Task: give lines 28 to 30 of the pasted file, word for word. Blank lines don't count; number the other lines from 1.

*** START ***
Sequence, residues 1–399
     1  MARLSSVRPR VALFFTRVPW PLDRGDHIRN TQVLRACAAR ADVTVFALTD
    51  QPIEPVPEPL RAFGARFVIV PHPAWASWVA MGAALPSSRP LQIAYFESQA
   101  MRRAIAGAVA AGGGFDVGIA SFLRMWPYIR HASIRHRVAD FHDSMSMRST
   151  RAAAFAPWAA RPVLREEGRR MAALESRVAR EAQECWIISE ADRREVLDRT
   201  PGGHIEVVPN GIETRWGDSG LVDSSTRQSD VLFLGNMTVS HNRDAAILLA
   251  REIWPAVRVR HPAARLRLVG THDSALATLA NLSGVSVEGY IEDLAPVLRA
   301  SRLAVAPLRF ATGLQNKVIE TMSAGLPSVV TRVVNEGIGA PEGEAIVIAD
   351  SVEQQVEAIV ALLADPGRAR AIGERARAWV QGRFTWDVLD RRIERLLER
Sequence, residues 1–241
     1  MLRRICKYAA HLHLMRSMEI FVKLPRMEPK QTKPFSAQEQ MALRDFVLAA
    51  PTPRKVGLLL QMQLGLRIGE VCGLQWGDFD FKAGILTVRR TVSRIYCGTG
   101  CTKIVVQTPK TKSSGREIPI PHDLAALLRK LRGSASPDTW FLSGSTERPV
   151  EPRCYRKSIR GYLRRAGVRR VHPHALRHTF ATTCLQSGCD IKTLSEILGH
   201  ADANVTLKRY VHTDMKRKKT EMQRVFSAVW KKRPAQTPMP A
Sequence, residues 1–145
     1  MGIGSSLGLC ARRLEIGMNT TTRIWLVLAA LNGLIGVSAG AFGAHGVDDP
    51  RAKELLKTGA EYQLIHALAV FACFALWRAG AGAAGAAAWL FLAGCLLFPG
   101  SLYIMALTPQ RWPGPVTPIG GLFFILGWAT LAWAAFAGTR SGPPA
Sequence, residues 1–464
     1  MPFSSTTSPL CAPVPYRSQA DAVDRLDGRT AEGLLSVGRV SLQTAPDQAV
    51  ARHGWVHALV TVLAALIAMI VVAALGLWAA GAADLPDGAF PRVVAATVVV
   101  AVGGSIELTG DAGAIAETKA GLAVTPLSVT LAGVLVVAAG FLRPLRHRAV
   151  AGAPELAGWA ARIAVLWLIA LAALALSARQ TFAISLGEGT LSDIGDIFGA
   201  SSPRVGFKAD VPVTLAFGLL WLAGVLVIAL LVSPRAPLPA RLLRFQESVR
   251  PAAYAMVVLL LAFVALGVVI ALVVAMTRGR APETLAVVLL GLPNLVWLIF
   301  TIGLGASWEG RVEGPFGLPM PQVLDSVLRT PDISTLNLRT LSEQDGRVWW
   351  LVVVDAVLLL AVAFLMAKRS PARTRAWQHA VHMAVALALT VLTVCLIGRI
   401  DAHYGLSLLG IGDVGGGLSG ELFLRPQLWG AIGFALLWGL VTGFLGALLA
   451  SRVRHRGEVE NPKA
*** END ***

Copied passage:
   351  LVVVDAVLLL AVAFLMAKRS PARTRAWQHA VHMAVALALT VLTVCLIGRI
   401  DAHYGLSLLG IGDVGGGLSG ELFLRPQLWG AIGFALLWGL VTGFLGALLA
   451  SRVRHRGEVE NPKA